Health Canada and marketing to kids: what you need to know

The issues at play in the public consultation on appropriate age restrictions, targeting and the definition of "unhealthy food."

Health Canada’s public consultation on limiting food marketing to youth ends today, closing the window for submissions from industry and health groups.

The feds’ proposal seeks to reduce the exposure of kids and teens under age 17 to marketing of unhealthy food and beverages through legislation and regulatory changes to the Food and Drugs Act. Such a move could have major impacts on industries including food, sports, media and advertising.

The consultation document cites a number of methods marketers use to reach children – including shelf placement, celebrity endorsements and youth sports sponsorships – noting the “pervasiveness” of marketing in a digital world and seeking to address the “growing concern” about the impact those ads have on the nutrition of children. It comes as part of the Liberal government’s Healthy Eating Strategy, which also plans to update the Canada Food Guide as a response to rising obesity rates, heart disease and diabetes.

“It has been estimated that in one year Canadian children view over 25 million food and beverage ads on their favourite websites – and over 90% are for unhealthy products,” it states. “Parents and caregivers deserve a supportive environment where children are not constantly targeted by unhealthy food marketing.”

A number of groups on both sides of the debate are registered to lobby on the changes.

The Stop Marketing to Kids Coalition, a group led by the Heart & Stroke Foundation, has lobbied to restrict all food and beverage marketing to kids under 17. Dozens of health organizations, including the Canadian Medical Association, the Canadian Dental Association, the Canadian Nurses Association and the Canadian Cancer Society, have endorsed the recommendation. Earlier this year, Heart & Stroke also released a report on marketing to youth and launched an ad campaign depicting a fake ad agency specializing in marketing junk food to kids.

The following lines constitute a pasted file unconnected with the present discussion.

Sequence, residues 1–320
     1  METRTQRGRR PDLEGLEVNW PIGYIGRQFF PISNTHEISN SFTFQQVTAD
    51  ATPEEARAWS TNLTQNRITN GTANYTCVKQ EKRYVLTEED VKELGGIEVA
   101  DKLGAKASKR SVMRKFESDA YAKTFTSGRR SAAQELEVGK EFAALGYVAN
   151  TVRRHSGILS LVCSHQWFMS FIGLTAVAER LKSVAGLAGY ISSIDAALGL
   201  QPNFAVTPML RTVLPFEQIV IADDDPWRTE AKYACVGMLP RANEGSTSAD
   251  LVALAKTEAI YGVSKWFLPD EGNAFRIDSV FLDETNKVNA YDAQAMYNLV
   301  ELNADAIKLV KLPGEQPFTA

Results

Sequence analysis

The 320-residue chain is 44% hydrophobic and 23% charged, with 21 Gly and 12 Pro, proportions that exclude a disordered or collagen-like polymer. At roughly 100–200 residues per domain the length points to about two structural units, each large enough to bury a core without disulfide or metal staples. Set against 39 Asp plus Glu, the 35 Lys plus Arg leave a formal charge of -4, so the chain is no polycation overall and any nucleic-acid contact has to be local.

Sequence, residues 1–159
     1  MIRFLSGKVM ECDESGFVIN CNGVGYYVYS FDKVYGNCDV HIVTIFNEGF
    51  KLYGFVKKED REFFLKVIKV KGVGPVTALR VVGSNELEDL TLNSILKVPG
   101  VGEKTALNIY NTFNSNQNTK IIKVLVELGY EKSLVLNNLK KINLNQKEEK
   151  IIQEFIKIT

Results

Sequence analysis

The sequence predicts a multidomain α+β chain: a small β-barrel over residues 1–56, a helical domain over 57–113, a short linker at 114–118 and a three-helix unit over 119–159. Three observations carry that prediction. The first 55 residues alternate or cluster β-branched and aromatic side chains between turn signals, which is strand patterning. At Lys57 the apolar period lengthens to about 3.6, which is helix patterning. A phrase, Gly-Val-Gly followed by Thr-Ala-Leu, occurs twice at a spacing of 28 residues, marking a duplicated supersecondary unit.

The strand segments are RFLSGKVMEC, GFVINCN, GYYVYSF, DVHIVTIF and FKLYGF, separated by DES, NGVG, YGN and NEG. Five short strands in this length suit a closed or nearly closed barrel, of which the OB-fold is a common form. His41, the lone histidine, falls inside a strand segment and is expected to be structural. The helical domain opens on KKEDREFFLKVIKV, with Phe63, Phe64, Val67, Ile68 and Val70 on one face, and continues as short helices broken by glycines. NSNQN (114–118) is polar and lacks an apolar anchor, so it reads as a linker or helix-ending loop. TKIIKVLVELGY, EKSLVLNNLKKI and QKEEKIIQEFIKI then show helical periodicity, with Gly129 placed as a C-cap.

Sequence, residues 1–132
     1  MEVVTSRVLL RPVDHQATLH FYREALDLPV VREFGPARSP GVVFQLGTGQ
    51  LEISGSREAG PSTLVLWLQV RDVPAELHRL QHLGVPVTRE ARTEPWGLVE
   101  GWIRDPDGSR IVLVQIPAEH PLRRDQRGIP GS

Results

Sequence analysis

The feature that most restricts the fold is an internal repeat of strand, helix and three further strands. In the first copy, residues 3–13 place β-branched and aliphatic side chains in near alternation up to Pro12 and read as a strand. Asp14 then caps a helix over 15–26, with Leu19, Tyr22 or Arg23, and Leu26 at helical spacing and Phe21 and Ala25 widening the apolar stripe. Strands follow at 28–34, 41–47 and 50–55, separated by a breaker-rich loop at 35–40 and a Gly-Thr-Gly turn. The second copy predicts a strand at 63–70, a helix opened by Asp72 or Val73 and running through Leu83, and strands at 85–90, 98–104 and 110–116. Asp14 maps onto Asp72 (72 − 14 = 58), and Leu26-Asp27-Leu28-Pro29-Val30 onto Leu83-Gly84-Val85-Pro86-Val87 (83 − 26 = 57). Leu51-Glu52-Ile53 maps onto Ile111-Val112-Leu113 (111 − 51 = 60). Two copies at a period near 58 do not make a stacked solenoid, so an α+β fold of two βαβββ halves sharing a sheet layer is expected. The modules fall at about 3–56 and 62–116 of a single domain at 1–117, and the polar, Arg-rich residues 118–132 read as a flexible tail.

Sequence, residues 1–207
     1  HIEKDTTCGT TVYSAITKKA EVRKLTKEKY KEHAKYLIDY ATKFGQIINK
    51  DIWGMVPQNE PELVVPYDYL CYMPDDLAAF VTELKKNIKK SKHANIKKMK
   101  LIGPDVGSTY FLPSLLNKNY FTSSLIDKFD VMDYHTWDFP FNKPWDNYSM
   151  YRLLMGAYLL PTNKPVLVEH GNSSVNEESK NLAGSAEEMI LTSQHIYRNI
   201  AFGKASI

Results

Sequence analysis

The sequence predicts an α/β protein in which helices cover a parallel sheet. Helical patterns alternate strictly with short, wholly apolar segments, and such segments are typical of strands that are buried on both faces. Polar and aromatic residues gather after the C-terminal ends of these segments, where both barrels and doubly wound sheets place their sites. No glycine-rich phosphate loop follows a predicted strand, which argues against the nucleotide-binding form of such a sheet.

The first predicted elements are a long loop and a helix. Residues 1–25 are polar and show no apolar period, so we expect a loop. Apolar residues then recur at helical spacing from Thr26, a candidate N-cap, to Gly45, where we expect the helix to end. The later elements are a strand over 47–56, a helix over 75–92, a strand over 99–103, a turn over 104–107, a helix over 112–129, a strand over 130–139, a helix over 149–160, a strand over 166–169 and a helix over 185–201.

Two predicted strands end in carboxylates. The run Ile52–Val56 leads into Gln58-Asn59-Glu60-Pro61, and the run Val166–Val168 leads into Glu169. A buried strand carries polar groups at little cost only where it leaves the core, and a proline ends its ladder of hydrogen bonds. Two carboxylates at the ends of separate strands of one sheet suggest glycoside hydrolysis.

Industry groups including the Association of Canadian Advertisers, Food and Consumer Products of Canada, the Canadian Beverage Association, the Baking Association of Canada, as well as broadcaster Corus are all registered to lobby the federal government on the issue.

Ron Lund, president and CEO of the Association of Canadian Advertisers, says the public consultation could have been an agreeable way for the marketing industry’s position on the issue to be heard, as the ACA has previously stated that it and other industry groups have been “shut out” of the development of Bill S-228, a private member’s bill also addressing advertising towards children currently before the senate (representatives from Corus and Ad Standards did appear before the senate committee in June). However, Lund says the industry was similarly left out of the creation of Health Canada’s consultation document, leading to a series of pre-determined solutions.

“It’s ‘do you want to ban this whole list of things from advertising, or this whole list of things from advertising?’” he says. “It’s an exercise to say they’ve went to the public and got their input, but it was input to questions they’ve already answered. This is despite [the Trudeau government] saying they’d always proceed on evidence-based research for policy. This is not evidence based. We were shut out of any input into the document for public consultation.”

Conservative Senator Nancy Greene Raine, who introduced Bill S-228 in November, says the industry’s position on the issue “is well known,” and the food and beverage industry was represented during earlier hearings on the obesity issue in Canada. She adds that, in addition to the Health Canada consultation, moving the details of her bill to the Food & Drug act would create more opportunities for the industry’s voice to be heard through the lengthy regulatory process.